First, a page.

Abdalla Hamdok appointed Sudan’s new Prime Minister for the transition

Sudan has appointed a new prime minister as the country embarks on a three-year transition to civilian rule.

Prime Minister Abdalla Hamdok said achieving peace and solving the economic crisis were priorities. His appointment comes as Lt-Gen Abdel Fattah Abdelrahman Burhan was sworn in as leader of the new Sovereign Council.

The new government will run the country until an election. There have been months of turbulence including the deaths of dozens of protesters. The opposition hopes the new appointments will usher in an end to military rule.

The crisis began with protests at the end of last year which led to the ousting of Omar al-Bashir after 30 years of authoritarian government.

Hamdok was sworn in as transitional prime minister on arrival from Ethiopia, where he has worked as a respected senior economist for the UN since 2011 before stepping down last year. “The government’s top priorities are to stop the war, build sustainable peace, address the severe economic crisis and build a balanced foreign policy,” he said.

Last year, Hamdok was nominated by Mr Bashir to the job of finance minister, but he turned it down.The swearing in of Hamdok and the Sovereign Council marks the first time that Sudan has not been under full military rule since Bashir came to power in a 1989 coup.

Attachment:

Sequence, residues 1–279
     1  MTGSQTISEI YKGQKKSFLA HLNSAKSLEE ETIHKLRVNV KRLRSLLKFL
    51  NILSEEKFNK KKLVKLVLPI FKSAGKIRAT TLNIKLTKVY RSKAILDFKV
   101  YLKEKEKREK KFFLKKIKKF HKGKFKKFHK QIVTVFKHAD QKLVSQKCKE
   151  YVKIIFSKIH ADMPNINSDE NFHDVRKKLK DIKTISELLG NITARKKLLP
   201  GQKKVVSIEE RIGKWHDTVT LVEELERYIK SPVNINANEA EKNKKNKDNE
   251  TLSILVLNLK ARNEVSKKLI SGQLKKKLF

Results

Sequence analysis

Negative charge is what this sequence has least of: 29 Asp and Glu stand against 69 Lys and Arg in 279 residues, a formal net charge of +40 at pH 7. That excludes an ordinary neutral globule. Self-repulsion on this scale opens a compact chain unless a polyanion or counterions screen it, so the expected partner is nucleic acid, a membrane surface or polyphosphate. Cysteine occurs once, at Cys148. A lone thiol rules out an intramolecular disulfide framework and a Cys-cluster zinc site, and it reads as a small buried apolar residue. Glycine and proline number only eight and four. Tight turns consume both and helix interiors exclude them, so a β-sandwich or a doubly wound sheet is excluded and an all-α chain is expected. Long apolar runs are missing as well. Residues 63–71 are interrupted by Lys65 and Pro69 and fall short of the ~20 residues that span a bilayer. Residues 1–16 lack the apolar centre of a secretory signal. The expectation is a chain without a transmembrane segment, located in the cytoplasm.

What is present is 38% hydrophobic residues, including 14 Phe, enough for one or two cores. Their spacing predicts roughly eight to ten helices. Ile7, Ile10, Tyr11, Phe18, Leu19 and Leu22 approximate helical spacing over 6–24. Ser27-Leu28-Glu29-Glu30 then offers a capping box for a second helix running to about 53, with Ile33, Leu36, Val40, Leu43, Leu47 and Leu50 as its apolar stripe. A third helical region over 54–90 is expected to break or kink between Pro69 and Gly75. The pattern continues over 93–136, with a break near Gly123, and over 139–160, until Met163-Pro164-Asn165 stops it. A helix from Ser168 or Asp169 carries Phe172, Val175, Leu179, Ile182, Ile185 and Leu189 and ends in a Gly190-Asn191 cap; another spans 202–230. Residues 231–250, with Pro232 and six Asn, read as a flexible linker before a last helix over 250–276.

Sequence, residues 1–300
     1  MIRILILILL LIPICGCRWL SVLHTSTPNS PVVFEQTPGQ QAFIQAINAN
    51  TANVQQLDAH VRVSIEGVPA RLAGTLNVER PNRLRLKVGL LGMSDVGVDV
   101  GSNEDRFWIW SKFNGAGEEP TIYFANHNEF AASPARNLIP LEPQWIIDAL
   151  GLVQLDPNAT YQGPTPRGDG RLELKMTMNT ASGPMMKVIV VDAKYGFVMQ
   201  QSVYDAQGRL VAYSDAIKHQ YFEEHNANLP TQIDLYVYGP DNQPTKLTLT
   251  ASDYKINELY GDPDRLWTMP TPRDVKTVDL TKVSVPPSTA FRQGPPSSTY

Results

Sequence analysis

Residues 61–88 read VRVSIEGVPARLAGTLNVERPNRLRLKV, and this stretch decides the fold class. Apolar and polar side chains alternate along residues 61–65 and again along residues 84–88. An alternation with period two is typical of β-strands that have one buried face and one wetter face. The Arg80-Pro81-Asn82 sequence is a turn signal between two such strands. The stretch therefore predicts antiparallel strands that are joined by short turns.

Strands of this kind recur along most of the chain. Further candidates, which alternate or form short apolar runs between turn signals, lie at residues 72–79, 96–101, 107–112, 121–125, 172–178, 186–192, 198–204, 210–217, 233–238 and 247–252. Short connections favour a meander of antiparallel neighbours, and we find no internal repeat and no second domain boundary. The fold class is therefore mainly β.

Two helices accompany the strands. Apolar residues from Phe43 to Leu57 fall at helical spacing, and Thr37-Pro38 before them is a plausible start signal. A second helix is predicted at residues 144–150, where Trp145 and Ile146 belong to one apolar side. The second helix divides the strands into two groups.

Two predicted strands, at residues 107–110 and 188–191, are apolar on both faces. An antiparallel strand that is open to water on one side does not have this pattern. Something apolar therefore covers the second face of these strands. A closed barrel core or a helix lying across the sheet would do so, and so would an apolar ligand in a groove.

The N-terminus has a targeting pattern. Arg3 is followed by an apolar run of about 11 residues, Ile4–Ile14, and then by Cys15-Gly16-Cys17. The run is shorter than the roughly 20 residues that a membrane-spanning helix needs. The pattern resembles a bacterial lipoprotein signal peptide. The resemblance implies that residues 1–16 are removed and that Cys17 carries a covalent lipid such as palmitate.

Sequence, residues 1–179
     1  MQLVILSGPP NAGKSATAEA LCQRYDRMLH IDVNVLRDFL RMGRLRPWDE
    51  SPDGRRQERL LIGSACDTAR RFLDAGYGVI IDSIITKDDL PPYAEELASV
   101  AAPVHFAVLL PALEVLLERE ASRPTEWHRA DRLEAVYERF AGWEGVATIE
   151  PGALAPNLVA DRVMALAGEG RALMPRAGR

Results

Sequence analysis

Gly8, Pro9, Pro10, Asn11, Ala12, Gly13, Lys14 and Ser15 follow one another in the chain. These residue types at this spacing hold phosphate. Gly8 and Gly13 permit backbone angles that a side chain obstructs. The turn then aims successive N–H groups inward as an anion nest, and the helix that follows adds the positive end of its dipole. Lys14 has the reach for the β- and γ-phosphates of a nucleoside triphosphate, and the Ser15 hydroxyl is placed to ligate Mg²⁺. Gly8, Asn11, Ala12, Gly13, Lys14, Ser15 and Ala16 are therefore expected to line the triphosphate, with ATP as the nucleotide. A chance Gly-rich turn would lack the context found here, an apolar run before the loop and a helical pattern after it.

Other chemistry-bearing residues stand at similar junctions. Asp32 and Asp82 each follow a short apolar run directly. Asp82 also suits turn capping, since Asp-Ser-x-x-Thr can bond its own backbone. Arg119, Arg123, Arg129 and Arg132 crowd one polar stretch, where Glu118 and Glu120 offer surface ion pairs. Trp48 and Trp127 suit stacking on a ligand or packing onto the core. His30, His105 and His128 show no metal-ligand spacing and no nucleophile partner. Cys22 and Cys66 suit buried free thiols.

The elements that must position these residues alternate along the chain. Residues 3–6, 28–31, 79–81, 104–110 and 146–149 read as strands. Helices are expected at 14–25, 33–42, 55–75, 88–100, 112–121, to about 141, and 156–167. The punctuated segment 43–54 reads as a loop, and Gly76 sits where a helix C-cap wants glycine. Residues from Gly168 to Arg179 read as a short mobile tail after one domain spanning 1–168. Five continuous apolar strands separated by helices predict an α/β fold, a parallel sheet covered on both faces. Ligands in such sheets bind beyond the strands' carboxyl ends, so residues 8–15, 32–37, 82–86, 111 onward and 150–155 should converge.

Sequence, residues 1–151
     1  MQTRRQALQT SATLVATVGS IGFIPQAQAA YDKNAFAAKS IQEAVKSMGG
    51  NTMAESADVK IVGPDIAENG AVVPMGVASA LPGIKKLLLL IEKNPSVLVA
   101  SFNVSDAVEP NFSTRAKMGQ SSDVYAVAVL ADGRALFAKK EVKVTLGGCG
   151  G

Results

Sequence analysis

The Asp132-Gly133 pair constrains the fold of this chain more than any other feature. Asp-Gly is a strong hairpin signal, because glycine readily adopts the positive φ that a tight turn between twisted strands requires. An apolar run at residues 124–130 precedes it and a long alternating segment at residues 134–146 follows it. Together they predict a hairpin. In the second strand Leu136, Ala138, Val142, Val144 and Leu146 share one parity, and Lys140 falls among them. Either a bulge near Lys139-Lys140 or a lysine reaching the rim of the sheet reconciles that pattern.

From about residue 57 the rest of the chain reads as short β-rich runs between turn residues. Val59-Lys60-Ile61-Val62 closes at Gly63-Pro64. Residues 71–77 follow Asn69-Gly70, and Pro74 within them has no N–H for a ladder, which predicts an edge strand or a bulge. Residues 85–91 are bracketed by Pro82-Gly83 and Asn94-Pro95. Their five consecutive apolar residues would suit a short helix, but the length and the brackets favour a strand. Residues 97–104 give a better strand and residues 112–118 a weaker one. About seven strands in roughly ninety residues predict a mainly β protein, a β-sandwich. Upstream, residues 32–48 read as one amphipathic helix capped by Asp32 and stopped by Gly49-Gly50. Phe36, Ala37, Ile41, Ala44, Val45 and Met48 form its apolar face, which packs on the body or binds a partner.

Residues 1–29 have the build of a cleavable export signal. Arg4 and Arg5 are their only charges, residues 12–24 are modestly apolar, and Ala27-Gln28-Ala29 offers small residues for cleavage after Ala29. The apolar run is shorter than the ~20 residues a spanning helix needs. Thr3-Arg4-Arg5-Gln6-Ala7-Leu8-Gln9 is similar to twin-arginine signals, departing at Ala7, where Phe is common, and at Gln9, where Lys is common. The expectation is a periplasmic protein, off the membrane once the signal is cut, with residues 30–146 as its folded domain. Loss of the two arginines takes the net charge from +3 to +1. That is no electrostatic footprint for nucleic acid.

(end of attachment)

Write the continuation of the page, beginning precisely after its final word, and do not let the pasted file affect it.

The new Sovereign Council replaces the Transitional Military Council that took charge after the Islamist ruler was toppled after mass protests. Burhan will lead a group of six civilians and four other military officers as part of a planned 39-month long transition to democracy.

As per an agreement between the military and protesters a constitutional declaration was signed on the 17th August who agreed to the following:-

-Power-sharing will last for 39 months
-Elections to be held at the end of that period
-A sovereign council, cabinet and legislative body will be formed
-A general will head the council for the first 21 months, a civilian for the remaining 18
-Sovereign council will have 11 members (5 civilian and 5 military nominees plus one agreed by consensus)
-A prime minister, nominated by the pro-democracy movement, will head the cabinet
-The ministers of defence and interior will be chosen by the military
-The other positions will be taken by pro-democracy candidates
-Sovereign council and cabinet members barred from running for election

Source : Various

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